How Close Did Captain Philips Get?

The film Captain Phillips is “based on a true story” of the 2009 hijacking of an American ship by Somali pirates.

How Close Did ‘Captain Philips’ Get To The Real Life Piracy Tale?

The film Captain Phillips is “based on a true story” of the 2009 hijacking of an American ship by Somali pirates. But how faithfully does the movie capture real events? Robert Siegel puts that question to Colin Freeman, chief foreign correspondent with Britain’s Sunday Telegraph. Freeman covered the 2009 incident and has himself been kidnapped by Somali pirates.


This is ALL THINGS CONSIDERED from NPR NEWS. I’m Robert Siegel.

This week, we’re returning to some movies that were released this year; in particular, movies based on real stories and events. And we’re asking people familiar with those real stories and events whether the movies are faithful to them, or in what ways they aren’t.

Today, the suspenseful piracy story off the Somali Coast: the hijacking of the cargo ship, the Maersk Alabama and the kidnapping of its captain, Richard Phillips.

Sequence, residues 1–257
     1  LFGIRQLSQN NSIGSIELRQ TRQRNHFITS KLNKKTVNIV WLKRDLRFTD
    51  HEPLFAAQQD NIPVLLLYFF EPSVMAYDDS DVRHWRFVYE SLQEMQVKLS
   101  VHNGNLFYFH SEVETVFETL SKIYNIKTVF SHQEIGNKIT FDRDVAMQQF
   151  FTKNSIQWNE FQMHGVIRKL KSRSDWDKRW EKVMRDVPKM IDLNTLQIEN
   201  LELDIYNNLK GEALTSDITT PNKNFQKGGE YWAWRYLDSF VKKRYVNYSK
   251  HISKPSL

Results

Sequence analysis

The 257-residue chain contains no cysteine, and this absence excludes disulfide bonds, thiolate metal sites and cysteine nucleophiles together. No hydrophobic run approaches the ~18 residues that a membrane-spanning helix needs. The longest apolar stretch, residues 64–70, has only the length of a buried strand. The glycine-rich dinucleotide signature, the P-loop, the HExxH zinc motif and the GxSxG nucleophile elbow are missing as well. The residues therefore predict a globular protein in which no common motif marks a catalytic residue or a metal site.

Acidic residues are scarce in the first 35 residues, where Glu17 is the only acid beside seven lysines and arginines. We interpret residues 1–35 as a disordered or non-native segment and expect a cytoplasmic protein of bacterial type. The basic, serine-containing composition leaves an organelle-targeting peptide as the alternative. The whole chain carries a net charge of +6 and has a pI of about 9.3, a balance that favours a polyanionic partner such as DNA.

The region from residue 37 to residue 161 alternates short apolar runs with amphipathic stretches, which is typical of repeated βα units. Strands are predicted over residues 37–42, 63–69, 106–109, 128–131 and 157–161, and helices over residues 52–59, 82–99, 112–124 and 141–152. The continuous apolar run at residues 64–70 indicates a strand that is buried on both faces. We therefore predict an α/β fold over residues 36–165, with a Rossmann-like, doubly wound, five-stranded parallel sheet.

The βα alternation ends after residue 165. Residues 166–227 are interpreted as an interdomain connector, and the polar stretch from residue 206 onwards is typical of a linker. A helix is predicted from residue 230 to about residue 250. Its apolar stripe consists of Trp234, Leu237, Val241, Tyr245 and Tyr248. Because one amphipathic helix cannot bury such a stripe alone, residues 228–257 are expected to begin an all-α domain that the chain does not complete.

TOM HANKS: (as Captain Phillips) This the Maersk Alabama, or position is two degrees two north by 39 degrees, 19 east. Our course is 180. Our speed is 17 knots. We have tow skiffs approaching at a distanced of 1.5 miles with the past possible mother ship following – potential piracy situation.

SIEGEL: That’s Tom Hanks as Captain Phillips.

Colin Freeman has written about the story, the movie, and the problem of piracy for Britain’s Sunday Telegraph. In fact, in the course of his work, he was kidnapped by Somali pirates. And he joins us from London. Welcome to the program.


SIEGEL: And first, I should say in the way of summary that in this story, Captain Phillips negotiates the freedom of his crew and ship, in exchange for money. He is taken hostage in a lifeboat and the episode ends in a rescue raided sea by Navy SEALs. Does the movie generally strike you as generally truthful rendering of what happened?

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